He stressed that Iran wants to drop the designation, despite the fact that the commanders of the Guard requested that the issue not be an “obstacle” to the agreement if it guaranteed Tehran’s interests.
It is the first time that Tehran confirms that the request to remove the name of the Guard from the US list of “foreign terrorist organizations” is among the remaining issues in the discussions aimed at reinstating the nuclear agreement.
The Guard included former US President Donald Trump on this list in 2019, a year after he withdrew his country from the agreement with major powers over Iran’s program.
“The issue of the Revolutionary Guards is, of course, part of our negotiations,” Amir Abdollahian said.
He added in an interview with Iranian state television: “At the present time, the problem lies in some important outstanding issues between us and the United States,” noting that halving is “one of the issues that are still on the agenda.”
He stressed that a number of Guard officials asked the Foreign Ministry “to do what is necessary in line with the country’s national interests, and if we reach a point where the issue of the Revolutionary Guards is raised, the issue of the Revolutionary Guards should not be an obstacle to you.”
He explained that these officials are “sacrificing” by saying that “if you find that the country’s interest is preserved in the agreement, do not make the issue of the Revolutionary Guard a priority.”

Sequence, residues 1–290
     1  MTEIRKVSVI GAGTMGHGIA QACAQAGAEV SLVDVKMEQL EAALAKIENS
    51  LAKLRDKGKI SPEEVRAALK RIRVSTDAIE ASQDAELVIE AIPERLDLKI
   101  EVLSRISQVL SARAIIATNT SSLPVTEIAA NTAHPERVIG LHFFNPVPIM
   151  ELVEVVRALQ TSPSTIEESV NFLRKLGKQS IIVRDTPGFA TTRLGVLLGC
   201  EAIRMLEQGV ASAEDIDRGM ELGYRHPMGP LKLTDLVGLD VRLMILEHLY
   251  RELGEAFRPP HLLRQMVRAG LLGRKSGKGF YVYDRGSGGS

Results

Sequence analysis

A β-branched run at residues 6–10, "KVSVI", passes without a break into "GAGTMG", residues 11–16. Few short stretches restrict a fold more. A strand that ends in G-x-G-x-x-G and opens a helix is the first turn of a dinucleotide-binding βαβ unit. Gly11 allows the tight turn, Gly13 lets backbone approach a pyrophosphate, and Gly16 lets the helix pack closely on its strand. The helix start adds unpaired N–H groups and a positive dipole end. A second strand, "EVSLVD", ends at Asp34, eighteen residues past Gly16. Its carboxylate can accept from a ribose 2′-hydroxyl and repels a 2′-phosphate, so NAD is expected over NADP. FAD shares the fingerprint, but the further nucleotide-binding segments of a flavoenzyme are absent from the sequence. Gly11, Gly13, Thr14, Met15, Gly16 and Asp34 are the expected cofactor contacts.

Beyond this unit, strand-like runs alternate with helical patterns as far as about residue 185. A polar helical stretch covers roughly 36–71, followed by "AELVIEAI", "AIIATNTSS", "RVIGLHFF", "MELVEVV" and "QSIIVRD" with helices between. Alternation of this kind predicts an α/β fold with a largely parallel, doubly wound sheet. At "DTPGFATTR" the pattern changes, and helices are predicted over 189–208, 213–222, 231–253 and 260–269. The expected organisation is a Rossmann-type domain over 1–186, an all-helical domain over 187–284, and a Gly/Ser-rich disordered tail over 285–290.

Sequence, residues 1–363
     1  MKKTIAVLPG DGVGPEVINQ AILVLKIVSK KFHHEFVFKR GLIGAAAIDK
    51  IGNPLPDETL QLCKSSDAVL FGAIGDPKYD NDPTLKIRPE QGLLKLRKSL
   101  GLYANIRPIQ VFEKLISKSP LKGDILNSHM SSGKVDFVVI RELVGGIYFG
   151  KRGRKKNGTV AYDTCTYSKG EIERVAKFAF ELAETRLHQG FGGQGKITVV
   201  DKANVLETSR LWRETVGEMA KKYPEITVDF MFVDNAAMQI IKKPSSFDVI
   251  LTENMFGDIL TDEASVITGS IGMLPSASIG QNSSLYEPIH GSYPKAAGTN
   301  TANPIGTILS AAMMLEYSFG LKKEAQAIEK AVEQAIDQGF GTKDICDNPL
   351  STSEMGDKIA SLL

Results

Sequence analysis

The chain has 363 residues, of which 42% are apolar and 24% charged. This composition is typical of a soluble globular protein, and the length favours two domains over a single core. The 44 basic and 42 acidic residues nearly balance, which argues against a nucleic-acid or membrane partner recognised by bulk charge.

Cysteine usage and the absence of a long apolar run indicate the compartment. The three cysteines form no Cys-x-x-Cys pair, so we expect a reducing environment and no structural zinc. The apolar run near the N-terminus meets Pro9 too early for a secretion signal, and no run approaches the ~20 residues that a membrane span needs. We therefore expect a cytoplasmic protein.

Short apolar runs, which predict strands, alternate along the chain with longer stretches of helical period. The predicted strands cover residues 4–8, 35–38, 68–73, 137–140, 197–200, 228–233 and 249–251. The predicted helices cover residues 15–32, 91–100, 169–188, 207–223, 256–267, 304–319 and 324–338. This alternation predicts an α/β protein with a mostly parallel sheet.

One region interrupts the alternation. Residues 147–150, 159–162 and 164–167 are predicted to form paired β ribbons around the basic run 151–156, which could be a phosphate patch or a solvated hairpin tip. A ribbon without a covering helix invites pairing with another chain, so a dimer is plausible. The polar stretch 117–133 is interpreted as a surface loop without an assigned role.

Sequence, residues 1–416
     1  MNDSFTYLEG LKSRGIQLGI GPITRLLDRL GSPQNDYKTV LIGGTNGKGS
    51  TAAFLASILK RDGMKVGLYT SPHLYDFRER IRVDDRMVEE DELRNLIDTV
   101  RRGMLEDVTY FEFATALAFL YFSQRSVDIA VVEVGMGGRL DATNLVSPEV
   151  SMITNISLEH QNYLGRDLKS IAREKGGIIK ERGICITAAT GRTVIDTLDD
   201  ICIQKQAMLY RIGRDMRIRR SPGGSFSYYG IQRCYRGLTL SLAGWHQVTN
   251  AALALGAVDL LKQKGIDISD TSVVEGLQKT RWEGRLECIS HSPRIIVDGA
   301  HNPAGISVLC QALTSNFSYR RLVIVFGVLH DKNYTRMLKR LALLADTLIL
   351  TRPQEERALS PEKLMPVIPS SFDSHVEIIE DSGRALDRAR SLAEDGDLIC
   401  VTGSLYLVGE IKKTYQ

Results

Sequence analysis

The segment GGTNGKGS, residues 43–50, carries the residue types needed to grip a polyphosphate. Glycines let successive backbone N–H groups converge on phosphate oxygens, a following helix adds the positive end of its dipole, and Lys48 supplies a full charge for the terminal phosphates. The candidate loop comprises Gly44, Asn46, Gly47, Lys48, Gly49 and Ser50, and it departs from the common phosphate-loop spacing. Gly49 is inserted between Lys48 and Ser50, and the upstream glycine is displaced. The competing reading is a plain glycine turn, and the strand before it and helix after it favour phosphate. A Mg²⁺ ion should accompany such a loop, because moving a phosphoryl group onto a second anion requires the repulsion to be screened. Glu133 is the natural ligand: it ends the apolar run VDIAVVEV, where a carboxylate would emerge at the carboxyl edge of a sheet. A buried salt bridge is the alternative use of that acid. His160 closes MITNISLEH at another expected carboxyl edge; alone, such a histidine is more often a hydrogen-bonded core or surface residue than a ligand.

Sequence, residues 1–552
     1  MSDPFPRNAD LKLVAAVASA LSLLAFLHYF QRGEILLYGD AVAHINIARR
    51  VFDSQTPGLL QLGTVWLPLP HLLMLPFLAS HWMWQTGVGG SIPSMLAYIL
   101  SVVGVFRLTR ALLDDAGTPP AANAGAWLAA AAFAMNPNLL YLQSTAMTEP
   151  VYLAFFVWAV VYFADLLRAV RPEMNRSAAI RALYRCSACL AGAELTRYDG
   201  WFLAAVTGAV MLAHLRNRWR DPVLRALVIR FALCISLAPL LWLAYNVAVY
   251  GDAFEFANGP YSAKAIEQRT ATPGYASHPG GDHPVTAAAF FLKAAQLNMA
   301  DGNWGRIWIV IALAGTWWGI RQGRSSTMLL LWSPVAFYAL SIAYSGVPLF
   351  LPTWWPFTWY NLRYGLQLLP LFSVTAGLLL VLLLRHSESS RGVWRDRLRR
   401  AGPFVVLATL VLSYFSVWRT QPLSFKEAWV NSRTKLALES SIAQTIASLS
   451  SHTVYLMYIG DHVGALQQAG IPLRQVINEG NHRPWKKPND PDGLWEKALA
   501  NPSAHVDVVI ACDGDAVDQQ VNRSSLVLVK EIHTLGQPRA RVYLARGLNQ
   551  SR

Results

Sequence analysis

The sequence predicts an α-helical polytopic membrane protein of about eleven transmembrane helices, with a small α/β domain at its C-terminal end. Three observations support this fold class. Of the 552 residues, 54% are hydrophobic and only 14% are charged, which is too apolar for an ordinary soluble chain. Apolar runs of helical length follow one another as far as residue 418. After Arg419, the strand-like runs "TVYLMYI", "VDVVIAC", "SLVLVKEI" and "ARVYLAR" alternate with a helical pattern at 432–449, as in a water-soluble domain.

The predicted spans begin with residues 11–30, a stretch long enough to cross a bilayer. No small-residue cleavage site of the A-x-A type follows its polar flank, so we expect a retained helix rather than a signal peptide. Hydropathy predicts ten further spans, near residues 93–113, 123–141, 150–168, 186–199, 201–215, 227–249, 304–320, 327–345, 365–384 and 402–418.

However, he continued, “In addition to other points that are still outstanding (…) we will not allow ourselves to inform the United States that we are ready to abandon the issue of the Revolutionary Guards, despite the permission granted to us by senior officials” in it.
Iran and the powers still included in the 2015 agreement (France, Britain, Germany, Russia and China) have been in talks for nearly a year in Vienna, in which the United States, which withdrew unilaterally from it in 2018, indirectly participates.
Amir Abdollahian’s statements came hours before the expected arrival of European Union diplomat Enrique Mora to Tehran, where he hopes to “fill the gaps” remaining in the negotiations.
On Sunday, Mora is scheduled to meet Iran’s chief negotiator, Ali Bagheri, according to the official IRNA news agency.
The European Union assumes the role of coordinator in the discussions aimed at restoring the agreement by returning Washington to its board and lifting the sanctions that it re-imposed on Iran after its withdrawal, and the latter’s compliance again with all of its provisions after retracting many of them in response to the American move.
Those concerned announced that progress had been made in recent weeks that would bring an understanding soon, but they assert that points of disagreement remain that require “political decisions” from Tehran and Washington.
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